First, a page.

From Mae to Madonna: Women Entertainers in Twentieth-Century America by June Sochen
- Publisher: The University Press of Kentucky (March 11, 1999)
- ISBN-10: 0813121124
- Hardcover: 256 pages ISBN-10:
- Language: English ISBN-13:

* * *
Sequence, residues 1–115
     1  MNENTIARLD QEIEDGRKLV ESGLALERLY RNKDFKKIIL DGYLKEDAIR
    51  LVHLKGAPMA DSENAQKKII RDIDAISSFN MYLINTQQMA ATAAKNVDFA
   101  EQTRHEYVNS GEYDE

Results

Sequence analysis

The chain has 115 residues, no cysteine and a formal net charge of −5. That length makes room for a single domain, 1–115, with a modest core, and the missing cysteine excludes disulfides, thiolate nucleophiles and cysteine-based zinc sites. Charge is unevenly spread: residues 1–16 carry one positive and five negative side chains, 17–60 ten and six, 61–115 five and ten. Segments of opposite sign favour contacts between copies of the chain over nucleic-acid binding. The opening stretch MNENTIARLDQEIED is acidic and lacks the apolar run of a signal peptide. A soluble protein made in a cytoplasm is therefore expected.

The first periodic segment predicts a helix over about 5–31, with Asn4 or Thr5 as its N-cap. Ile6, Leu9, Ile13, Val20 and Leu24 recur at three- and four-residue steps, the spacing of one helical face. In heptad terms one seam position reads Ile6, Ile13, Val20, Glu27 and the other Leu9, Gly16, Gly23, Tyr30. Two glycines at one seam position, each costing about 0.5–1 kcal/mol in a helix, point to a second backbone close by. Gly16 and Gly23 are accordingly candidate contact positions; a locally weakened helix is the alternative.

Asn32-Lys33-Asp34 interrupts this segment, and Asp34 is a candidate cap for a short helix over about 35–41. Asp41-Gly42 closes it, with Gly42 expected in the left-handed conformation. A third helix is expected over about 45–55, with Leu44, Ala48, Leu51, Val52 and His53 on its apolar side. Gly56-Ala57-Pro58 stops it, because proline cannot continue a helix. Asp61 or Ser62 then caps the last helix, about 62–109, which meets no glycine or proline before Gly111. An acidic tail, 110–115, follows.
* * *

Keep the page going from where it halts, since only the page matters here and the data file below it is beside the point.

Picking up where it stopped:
" Entertainers were the first group of successful women to capture the public eye, taking to the stage in vaudeville and film and redefining their place in society. June Sochen introduces the white, African American, and Latina women who danced on Broadway, fell on bananas in silent films, and wisecracked in smoky clubs, as well as the modern icons of today's movies and popular music. Sochen considers such women as Mae West, Bette Davis, Shirley Temple, Lucille Ball, and Mary Tyler Moore to discover what show business did for them and what they did for the world of entertainment. She uses the life of 30s and 40s Latina star Lupe Velez as a case study of the roles available to Latinas in popular culture. She then contrasts her story with that of the African American action star Pam Grier to demonstrate the old and new ways minority women are portrayed in popular culture. From Mae to Madonna places each woman within the context of her time and talks about her relationship with dominant female stereotypes. Sochen discusses women's roles as Mary, Eve, and Lilith and asks thought-provoking questions. Why did the Depression give women movie stars so many important roles while the so-called feminist 1970s did not? Why has television been a congenial venue for women comics while film has not? In examining how entertainers worked within or transformed particular genres and how their personal and public lives affected their careers, From Mae to Madonna casts the spotlight on a series of remarkable women and their dramatic effect on America's popular culture.
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